Coming home from Smashing Conference 2015

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Unfortunately I only managed to attend 1 of the 2 days at Smashing Conference because I fell ill. Yes, I was that awakward and annoying person in the middle of a crowded room sniffing and spluttering everywhere, so much so that I had to excuse myself mid way through a talk and say at the back like a social reject. I thought the least I could do would not pass it on any further so I took the 5 hour trip home myself.

That being said, all was not wasted. The first day was very good. I took away a lot and it felt especially applicable given recent developments with projects at work.

The why and how of designing for people

The talk from Meagan Fisher was very interesting and it touched on some of points from my previous post about finding efficiencies where needed. She mentioned a range of different systems that would be helpful during testing, and one in particular really stood out to me. It’s an application that you can build into your system call Full Story. They sell it as a DVR for your users. See what they are actually doing with your website. For us it could be a really useful way to see if web publishers are able to find the functionality that they are looking within a CMS of some sort. Of course the main thing you miss out is the emotional, personal connection with the user. Whilst it’s incredibly important, it’s also very expensive so getting personal one-to-one feedback should be reserved for key milestones when beta testing large updates to the UI or a piece of functionality once every year or so.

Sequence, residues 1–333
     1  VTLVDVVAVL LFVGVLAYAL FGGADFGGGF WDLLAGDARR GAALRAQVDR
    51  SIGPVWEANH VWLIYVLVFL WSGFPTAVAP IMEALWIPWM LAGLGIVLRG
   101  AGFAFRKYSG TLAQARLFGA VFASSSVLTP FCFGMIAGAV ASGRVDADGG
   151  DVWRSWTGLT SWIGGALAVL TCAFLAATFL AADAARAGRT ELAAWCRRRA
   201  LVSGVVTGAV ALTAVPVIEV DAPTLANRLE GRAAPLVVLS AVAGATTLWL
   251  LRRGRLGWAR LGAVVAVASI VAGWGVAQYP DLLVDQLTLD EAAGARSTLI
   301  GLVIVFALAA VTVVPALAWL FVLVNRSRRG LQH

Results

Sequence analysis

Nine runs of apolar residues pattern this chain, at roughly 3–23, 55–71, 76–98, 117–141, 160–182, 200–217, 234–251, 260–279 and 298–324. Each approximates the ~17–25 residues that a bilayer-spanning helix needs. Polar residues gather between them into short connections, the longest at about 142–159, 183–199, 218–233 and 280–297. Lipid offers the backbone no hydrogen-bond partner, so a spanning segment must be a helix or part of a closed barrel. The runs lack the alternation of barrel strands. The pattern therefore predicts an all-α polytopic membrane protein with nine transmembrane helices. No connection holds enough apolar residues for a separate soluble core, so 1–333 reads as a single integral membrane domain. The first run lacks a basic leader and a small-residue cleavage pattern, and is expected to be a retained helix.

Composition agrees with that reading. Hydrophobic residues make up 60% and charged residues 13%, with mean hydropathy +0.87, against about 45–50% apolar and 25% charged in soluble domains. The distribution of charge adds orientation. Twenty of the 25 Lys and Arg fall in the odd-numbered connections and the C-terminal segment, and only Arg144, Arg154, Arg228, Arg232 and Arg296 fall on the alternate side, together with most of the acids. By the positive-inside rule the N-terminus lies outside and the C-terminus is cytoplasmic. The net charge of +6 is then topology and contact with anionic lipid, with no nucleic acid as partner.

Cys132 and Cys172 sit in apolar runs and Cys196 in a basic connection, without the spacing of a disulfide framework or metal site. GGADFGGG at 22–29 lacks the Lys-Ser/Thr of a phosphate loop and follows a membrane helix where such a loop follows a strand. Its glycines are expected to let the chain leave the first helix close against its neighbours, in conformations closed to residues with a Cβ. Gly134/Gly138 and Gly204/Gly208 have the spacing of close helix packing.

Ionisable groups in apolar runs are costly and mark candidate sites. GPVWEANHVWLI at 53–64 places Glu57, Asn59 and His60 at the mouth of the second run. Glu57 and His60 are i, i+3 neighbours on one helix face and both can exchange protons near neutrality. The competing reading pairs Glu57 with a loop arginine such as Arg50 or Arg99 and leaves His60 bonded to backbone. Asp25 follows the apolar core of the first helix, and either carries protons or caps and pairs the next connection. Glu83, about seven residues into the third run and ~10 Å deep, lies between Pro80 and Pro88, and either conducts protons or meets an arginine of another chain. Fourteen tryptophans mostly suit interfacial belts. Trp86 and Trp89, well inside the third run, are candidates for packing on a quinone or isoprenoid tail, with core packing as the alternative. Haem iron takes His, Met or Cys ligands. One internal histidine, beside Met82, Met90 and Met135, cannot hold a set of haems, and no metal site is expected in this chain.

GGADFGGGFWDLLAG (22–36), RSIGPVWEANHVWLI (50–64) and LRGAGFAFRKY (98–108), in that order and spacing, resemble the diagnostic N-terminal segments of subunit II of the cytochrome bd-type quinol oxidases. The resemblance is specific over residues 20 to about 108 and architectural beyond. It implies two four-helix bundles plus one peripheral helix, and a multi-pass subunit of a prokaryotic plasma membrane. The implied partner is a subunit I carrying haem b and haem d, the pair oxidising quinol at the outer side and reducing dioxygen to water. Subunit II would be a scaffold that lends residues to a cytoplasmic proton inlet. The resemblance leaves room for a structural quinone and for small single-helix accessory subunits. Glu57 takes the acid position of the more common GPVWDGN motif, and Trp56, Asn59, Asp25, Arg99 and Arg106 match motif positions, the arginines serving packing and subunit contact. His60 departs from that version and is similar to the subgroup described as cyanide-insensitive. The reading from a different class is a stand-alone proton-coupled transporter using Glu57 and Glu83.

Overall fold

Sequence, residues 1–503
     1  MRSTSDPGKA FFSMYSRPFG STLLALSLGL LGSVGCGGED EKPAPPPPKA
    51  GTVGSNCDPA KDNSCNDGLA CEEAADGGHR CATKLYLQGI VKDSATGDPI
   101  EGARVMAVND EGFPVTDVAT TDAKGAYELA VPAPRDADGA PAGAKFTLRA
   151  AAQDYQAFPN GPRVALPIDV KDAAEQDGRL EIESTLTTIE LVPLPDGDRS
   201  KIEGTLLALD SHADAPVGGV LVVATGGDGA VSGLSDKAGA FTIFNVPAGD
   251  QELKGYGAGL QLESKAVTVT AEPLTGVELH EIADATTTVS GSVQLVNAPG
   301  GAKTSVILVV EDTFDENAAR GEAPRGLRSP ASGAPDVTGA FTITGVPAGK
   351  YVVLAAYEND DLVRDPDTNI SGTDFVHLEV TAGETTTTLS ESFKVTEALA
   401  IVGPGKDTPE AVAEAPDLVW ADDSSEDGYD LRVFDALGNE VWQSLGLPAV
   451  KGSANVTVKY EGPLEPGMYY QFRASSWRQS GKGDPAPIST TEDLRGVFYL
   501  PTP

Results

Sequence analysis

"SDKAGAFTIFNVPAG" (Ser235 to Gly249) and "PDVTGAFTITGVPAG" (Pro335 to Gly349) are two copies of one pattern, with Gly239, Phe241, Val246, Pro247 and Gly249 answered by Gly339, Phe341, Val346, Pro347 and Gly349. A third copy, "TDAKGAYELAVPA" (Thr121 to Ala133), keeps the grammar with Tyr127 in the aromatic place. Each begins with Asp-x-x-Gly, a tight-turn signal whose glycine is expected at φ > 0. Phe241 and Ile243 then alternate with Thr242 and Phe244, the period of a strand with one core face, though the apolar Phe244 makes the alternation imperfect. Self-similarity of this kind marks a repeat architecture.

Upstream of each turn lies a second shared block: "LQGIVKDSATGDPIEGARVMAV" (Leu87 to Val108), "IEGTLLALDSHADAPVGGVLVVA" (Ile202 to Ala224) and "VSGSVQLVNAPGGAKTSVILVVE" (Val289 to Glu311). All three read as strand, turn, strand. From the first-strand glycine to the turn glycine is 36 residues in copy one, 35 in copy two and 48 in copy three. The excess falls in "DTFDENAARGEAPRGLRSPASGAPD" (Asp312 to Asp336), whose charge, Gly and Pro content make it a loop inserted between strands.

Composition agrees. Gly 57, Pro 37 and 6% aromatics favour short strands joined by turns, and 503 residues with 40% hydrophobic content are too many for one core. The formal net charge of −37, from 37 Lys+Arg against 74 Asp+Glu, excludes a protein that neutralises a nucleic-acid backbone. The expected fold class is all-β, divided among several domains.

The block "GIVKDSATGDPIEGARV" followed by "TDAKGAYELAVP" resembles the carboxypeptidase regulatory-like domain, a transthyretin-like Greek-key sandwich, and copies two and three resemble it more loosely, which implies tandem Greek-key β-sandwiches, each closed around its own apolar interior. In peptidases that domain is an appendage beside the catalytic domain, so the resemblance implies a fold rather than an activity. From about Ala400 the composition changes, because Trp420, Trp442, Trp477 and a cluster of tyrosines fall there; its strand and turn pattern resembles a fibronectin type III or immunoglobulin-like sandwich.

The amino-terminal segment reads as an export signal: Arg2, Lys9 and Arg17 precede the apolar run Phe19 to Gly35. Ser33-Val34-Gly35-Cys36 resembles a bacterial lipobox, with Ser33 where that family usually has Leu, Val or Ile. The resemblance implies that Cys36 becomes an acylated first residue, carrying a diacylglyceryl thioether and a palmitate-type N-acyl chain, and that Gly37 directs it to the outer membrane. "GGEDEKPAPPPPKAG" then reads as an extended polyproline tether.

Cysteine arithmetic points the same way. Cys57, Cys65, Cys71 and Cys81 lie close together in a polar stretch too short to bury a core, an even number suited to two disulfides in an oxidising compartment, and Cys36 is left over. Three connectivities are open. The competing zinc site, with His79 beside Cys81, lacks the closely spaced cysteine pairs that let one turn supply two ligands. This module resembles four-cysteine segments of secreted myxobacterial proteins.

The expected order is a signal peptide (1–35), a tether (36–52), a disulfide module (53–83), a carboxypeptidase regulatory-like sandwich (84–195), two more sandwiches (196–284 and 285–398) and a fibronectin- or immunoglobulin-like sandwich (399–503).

Her talk also helped me ascertain some barriers between the different specialists within a team.

  • business goals (project manager – cost and time)
  • what would look best (designer)
  • what do people really want (ux research)

Find your middle and you are going to have a shit hot piece of software.

Beyond the browser

I also really enjoyed the second talk by Tom Giannatsio. He spoke about Hybrid applications, which allows you to create seemingly native applications for Windows, Mac and Linux but is all built using Web Technologies such as Javascript, HTML and CSS. He showed us some incredibly innovative concepts but for me the greatest strength is the integration with the system itself and the ability to selectively rollout an application and take back some of the control that the range of web browsers have. By confining yourself to one browser, you are reducing your compatibility testing, increasing quality and increasing features and support through saved time.

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